Metro-East News

Toothy alligator gar return to waters near you

Alligator gar released into Horseshoe Lake

So maybe they aren't exactly monsters of the deep, but these alligator gar can grow to 35 pounds. Illinois Department of Natural Resources district fisheries biologist Fred Cronin talks about the process of bringing back the species that since the
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So maybe they aren't exactly monsters of the deep, but these alligator gar can grow to 35 pounds. Illinois Department of Natural Resources district fisheries biologist Fred Cronin talks about the process of bringing back the species that since the

The alligator gar are in the water, hundreds of them, with teeth.

But despite the teeth, these babies are pretty docile.

The metro-east saw the return of the native species about noon Thursday when about 350 alligator gar were reintroduced at Horseshoe Lake State Recreation Area near Granite City and hundreds more into the Kaskaskia River south of New Athens. The gar were about a foot long, but elsewhere in the U.S. have grown to 10 feet and 300 pounds.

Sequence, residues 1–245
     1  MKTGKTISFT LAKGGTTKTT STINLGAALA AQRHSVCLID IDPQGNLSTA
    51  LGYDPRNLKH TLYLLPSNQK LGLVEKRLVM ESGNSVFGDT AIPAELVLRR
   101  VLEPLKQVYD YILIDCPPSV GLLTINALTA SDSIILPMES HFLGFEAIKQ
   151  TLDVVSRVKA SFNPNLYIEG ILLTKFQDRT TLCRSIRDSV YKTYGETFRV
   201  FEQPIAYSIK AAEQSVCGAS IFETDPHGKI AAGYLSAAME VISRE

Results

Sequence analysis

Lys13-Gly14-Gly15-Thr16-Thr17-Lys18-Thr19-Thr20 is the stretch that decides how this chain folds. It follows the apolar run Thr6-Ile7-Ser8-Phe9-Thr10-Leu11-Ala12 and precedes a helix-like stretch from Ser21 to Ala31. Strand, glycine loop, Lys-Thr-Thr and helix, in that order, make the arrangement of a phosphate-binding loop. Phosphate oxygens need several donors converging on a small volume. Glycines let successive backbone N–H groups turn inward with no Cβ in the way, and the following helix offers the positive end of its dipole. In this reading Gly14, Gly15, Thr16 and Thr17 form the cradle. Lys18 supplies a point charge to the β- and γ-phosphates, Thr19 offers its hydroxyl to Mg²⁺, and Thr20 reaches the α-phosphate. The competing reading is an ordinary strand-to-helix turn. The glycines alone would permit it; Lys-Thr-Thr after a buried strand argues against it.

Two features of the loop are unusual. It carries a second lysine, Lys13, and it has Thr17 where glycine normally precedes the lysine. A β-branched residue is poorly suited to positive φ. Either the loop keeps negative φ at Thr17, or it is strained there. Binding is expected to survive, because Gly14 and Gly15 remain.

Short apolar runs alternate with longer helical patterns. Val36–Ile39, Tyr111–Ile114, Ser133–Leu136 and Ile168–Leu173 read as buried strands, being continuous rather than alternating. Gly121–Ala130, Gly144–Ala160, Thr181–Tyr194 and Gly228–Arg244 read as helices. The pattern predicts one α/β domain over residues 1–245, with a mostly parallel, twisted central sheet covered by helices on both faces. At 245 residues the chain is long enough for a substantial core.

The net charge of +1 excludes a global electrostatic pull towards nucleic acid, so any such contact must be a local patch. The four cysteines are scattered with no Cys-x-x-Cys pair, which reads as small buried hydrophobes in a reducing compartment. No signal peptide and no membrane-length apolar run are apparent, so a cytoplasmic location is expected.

There has never been a documented case of alligator gar attacking people in the water. Humans aren’t on the gar’s menu, biologists with the Illinois Department of Natural Resources said.

But gars are on people’s menus. They can be eaten and are considered a trophy fish.

The prehistoric-looking alligator gar is the largest fish native to Illinois. It has not been seen in the state since 1966 and was officially declared extinct in Illinois in the 1990s.

A few alligator gar were released in 2010 into the Kaskaskia, but biologists do not believe they survived. The department recently obtained 10,000 alligator gar fry from other states and grew them at a hatchery, which led to Thursday’s release.

It could be more than a decade before biologists know whether the reintroduction was a success. Female gar do not reach sexual maturity until they are at least 11 years old.

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